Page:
By Iohara Quirino, Amanda Oliveira e Maíra Pivato
In a mind-boggling academic race for publications, project approvals and university vacancies, the truth is that women are constantly behind men. We know that gender inequality is a fact present in the whole of society. For centuries, we women have shown dissatisfaction with the way we are treated in our homes, in the work environment and because we lack opportunities just because we are women. In recent years, through the constant use of various social networks, we have had greater courage to share our experiences and denounce negative situations that we experience daily. Among these situations, the scientific community does not escape and it shows us that gender inequality has deep roots.
There is a stereotype that the scientific community is made up only of men or that they are better researchers than women. This creates a lack of opportunities and incentives for girls to learn about their scientific careers as children. At school, the debate about gender inequality in science is still timid and the examples of scientists are mostly men. Thus, there is a difficulty for girls to be interested in subjects that they can relate to and they end up taking up little space in, for example, engineering degrees. Taking a racial view, black girls find it more difficult to enter the scientific career due to the history of racial segregation, even though black women have great contributions to scientific production. In crisis situations, like a virus that spreads quickly and prevents us from living normally, our situation as a woman in science tends to get worse.
The novel coronavirus pandemic ended up exacerbating political, economic and social weaknesses, highlighting inequalities. In this context, women have been affected in many ways, starting with health professionals and caregivers, who are mostly women, leading to greater exposure and vulnerability to the disease. At home, women overburden themselves with unpaid housework, devoting more hours per week than men, and for scientific mothers the reality is very similar. This is proven by the drop in submissions of scientific articles by women, due to lower performance and dedication time. Meanwhile, the productivity of male scientists has increased by up to 50% during the pandemic.
If gender inequality remains a constant in science, we need to find more tools to combat it. As much as women have already achieved great social advances, such as the right to receive a diploma, we are still far from ideal. New tools appear every day and social networks are great allies, as are collectives and support groups at universities. School projects for girls are essential, aiming to stimulate logical thinking and showing that there is a possibility for them to become what they want, including scientists. All of this combined with work in the family environment can bring profound changes in the current reality.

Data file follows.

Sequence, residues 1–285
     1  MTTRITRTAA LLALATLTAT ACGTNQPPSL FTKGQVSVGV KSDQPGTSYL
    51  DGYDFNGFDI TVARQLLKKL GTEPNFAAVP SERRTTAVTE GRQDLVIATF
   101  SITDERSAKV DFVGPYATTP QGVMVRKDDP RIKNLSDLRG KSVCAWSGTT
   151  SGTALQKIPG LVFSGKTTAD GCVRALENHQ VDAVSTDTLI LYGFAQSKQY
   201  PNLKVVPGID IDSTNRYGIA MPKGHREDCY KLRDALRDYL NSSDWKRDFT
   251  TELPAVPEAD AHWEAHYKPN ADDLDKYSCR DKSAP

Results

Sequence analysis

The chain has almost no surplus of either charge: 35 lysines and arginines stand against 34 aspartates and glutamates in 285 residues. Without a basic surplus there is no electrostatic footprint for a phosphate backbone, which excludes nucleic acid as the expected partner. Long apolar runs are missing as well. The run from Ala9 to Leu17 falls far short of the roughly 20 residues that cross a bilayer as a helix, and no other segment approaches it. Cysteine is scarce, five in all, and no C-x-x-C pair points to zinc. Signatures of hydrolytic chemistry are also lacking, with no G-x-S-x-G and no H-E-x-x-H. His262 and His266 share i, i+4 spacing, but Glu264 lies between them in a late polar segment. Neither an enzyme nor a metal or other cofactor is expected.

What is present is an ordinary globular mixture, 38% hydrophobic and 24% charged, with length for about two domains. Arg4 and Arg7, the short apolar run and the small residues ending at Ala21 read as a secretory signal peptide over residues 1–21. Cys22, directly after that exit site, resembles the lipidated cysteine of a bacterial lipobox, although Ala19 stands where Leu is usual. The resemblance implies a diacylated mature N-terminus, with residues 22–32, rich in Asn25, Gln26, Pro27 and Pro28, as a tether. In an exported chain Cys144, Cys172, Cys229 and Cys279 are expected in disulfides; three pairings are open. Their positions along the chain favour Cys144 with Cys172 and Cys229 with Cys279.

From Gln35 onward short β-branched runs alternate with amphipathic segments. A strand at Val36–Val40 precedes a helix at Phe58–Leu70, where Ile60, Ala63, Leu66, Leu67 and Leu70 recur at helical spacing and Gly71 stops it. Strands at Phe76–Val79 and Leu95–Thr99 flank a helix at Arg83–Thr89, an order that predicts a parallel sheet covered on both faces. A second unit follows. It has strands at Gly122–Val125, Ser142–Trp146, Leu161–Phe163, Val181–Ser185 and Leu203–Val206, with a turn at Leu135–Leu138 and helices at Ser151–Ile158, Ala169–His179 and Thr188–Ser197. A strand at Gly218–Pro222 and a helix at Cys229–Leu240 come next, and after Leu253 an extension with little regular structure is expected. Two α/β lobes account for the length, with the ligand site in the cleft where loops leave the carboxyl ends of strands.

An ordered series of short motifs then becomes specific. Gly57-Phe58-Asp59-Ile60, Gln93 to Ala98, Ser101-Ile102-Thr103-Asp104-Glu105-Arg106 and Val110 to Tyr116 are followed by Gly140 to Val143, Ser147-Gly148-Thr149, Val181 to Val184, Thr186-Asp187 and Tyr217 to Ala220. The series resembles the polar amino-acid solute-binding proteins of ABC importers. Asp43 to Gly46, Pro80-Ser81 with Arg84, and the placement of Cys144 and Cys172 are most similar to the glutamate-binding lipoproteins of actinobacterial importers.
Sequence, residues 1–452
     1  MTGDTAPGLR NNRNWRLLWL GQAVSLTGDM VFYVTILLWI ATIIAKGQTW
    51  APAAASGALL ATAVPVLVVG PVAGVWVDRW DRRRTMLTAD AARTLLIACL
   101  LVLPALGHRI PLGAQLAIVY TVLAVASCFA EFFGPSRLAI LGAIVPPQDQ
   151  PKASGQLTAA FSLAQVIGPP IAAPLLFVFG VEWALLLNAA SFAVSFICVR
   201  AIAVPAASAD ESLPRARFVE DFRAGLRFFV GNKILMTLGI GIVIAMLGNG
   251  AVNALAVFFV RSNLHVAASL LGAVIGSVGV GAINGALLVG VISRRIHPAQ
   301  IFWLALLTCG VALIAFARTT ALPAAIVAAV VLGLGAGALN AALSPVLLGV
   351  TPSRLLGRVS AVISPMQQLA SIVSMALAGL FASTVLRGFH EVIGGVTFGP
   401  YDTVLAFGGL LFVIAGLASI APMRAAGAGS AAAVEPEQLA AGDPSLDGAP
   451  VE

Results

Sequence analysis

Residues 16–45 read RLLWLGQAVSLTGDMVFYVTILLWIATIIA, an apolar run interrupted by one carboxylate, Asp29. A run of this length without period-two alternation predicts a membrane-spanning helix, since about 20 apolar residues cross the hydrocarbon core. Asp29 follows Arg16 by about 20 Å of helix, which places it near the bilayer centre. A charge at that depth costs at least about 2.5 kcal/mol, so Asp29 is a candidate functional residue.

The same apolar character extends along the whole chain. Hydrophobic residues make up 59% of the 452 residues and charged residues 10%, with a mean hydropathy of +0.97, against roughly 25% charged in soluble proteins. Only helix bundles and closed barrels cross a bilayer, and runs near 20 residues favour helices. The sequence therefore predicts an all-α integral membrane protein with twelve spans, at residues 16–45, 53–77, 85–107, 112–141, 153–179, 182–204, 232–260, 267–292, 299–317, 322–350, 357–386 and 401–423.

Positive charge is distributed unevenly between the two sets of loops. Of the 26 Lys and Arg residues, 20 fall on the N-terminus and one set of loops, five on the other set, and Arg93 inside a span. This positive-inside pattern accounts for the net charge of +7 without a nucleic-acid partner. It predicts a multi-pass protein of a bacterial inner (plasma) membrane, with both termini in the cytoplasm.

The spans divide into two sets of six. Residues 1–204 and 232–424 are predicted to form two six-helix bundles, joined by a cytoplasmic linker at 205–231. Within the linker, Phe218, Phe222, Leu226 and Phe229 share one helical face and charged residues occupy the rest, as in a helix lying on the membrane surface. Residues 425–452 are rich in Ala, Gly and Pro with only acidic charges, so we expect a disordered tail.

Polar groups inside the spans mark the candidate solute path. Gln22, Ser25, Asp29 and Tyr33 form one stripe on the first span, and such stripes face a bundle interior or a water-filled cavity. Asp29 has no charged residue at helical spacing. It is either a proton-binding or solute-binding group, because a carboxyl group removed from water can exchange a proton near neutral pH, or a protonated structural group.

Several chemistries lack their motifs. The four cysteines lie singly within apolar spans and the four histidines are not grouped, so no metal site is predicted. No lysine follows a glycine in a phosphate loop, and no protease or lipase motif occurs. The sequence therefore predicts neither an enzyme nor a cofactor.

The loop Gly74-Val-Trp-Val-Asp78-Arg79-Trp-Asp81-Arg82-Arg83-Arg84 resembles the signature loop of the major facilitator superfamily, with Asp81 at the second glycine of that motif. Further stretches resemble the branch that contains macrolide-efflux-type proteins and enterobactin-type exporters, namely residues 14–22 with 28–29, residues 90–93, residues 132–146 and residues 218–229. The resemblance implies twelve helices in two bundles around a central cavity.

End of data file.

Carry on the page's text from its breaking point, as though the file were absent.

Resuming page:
Everyone’s role is important for this task. If we want a fairer, prejudice-free and stronger science, we must open up more space for women, create support for scientific mothers and encourage girls to be future leaders in the scientific world. Because, after all, how many Marie Curie, Bertha Lutz and Sônia Guimarães were lost in our history due to a lack of opportunities? We will never know.
She’Science (@shescience.podcast) is a podcast that empowers women through science. In addition, it promotes discussions and reflections on the roles of science and women in society through simple language, in search of a science more accessible to all.
Iohara Quirino – Co-creator, podcaster and screenwriter at She’Science. Ecologist, focusing on human beings and Master in Ecology at UFRN. Scientific dissemination arrived as a door so that her voice, together with that of other women, could be heard carefully, because together we can change the world.
Amanda Oliveira – Manages and creates social media content on She’Science. Undergraduate student in Ecology at UFRN, bisexual and eco-socialist woman. She believes that being a woman and a scientist can be revolutionary.
Maíra Pivato – Audio editor at She’Science. Radio broadcaster, student of Biological Sciences at UFRN and future teacher. She sees scientific dissemination as a possible path to change in society.